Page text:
Five hundred registered voters from each of the metropolitan areas of Denver, Atlanta, San Diego, Washington, D.C., and Minneapolis-St. Paul expressed strong concern about the fast pace of residential growth as well as the issues of additional school funding and increased automobile traffic. Respondents to the survey, however, laid responsibility for remedies to these issues at the feet government officials. Specifically, that they should respond with less regulation and more broad-based funding.
"These survey results bring clarity to the issue and help define public preferences and expectations," says NAHB vice president and secretary Gary Garczynski. "We want to take the survey data to local governments and work with them to solve growth issues."
The survey found that more than half of the respondents in all five metro areas thought government should "make sure" that schools, roads and other services are adequately supported in places "where people want to live." Less than a third took the opposite view in favor of direct regulation of where growth should occur.
Investment Over Regulation
A separate but related question found very strong support for the idea that instead of regulating growth to occur near existing transportation, government should provide an inducement for people to live in existing neighborhoods with established transportation infrastructure. Nearly 70% of the respondents said they would prefer seeing government "invest" more into older neighborhoods as a way of revitalizing them. Less than 20% of the respondents favored the opposite approach of limiting new-home construction on the outskirts of town (away from existing train lines and high volume roadways) as a way to force people to buy homes in existing areas.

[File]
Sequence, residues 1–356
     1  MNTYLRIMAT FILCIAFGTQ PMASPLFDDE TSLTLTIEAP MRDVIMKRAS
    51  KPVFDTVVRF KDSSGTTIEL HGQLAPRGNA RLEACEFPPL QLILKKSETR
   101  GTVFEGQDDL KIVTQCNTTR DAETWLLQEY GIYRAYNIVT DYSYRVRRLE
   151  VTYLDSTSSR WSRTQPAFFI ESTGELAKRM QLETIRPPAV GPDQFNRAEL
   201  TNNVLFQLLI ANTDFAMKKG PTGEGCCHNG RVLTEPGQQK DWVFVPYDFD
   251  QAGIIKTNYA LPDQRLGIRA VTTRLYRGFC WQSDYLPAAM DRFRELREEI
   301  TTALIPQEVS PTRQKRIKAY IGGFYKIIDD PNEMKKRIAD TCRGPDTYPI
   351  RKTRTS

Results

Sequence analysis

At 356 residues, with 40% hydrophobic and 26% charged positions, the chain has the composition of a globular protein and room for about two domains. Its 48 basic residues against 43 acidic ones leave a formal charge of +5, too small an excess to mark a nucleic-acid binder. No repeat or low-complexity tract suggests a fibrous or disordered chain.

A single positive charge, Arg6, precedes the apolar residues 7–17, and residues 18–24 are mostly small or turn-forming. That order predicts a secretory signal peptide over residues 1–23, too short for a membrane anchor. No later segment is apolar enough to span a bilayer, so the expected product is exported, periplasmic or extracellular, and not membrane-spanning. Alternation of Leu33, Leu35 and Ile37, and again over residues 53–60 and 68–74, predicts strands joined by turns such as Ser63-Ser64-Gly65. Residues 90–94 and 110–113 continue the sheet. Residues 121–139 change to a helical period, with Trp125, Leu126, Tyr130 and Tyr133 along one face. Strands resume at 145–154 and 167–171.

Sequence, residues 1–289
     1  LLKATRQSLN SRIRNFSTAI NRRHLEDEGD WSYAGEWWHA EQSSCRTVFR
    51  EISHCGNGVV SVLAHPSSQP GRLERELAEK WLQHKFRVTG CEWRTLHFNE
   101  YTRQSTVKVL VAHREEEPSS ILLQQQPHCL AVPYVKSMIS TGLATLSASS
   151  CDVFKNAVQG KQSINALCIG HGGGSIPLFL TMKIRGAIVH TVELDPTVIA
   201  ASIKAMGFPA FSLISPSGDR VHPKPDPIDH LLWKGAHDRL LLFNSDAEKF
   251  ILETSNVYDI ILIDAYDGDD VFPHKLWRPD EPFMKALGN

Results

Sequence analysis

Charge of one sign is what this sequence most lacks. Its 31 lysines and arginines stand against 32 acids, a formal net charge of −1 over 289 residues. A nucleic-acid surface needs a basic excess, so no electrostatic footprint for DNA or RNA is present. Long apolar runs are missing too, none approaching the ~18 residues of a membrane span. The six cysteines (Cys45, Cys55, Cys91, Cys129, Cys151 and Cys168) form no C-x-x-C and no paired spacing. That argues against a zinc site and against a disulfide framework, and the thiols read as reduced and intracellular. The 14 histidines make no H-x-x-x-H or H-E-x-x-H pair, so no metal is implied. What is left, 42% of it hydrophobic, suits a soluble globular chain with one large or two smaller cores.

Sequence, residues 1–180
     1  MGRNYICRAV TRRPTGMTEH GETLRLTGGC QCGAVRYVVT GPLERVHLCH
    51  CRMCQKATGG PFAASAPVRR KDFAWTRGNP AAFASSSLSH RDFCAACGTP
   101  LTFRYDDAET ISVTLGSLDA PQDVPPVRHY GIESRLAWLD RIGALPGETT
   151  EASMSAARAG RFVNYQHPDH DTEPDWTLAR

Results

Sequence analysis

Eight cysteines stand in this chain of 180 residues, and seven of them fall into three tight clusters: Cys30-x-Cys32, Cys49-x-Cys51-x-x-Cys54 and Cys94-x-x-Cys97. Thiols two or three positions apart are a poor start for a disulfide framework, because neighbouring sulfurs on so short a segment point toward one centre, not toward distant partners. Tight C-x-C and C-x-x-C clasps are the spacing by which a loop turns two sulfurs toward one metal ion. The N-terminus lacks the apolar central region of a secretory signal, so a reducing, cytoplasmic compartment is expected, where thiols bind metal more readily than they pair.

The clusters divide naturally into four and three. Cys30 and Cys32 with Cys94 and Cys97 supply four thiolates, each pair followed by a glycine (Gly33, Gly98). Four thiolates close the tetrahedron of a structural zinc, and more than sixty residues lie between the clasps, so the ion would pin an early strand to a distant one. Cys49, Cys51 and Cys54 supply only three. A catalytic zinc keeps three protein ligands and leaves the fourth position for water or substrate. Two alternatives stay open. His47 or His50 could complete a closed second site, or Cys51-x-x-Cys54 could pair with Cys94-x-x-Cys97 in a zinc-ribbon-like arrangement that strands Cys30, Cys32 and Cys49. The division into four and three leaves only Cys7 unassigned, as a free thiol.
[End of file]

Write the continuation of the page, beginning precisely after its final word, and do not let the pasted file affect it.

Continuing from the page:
Everyone Should Pay
The question of how to pay for new schools and upgrades to existing schools also yielded important information. With the exception of the registered voters surveyed in the Minneapolis-St. Paul area, a majority of the respondents felt that state, federal and local governments should each supply more funds to solve this problem.
More than half the respondents in Denver, San Diego, Atlanta, and Washington favored more spending by all levels of government for school construction. Less than 30% of the respondents in Minneapolis-St. Paul deemed additional government funding for school construction necessary.
An important corollary to the school-funding question was the feeling registered by respondents against the use of new-home impact fees to fund schools, infrastructure and other services. Questions on the issue found very strong support for the notion that "everyone pays."
Approximately one quarter of the respondents felt that new-home owners should pay for building and improving schools, while a range of between 9% and 17% of respondents in the five metropolitan areas surveyed thought new residents should pay for future transportation improvements.
Respondents also revealed a strong preference for a feature found in most new home communities: plenty of open space. Only about 10% percent gave open space for parks a low priority, while it remained a very high priority with between 42% and 52% of respondents.
Officially known as the 1999 Metropolitan Area Growth Issues Survey, the results are expected to be of benefit to builders nationwide, particularly where the industry is encountering strong anti-growth opposition. "I think the message for builders is that they have to take into account the needs of the city overall," says Atlanta HBA president Tom Falik.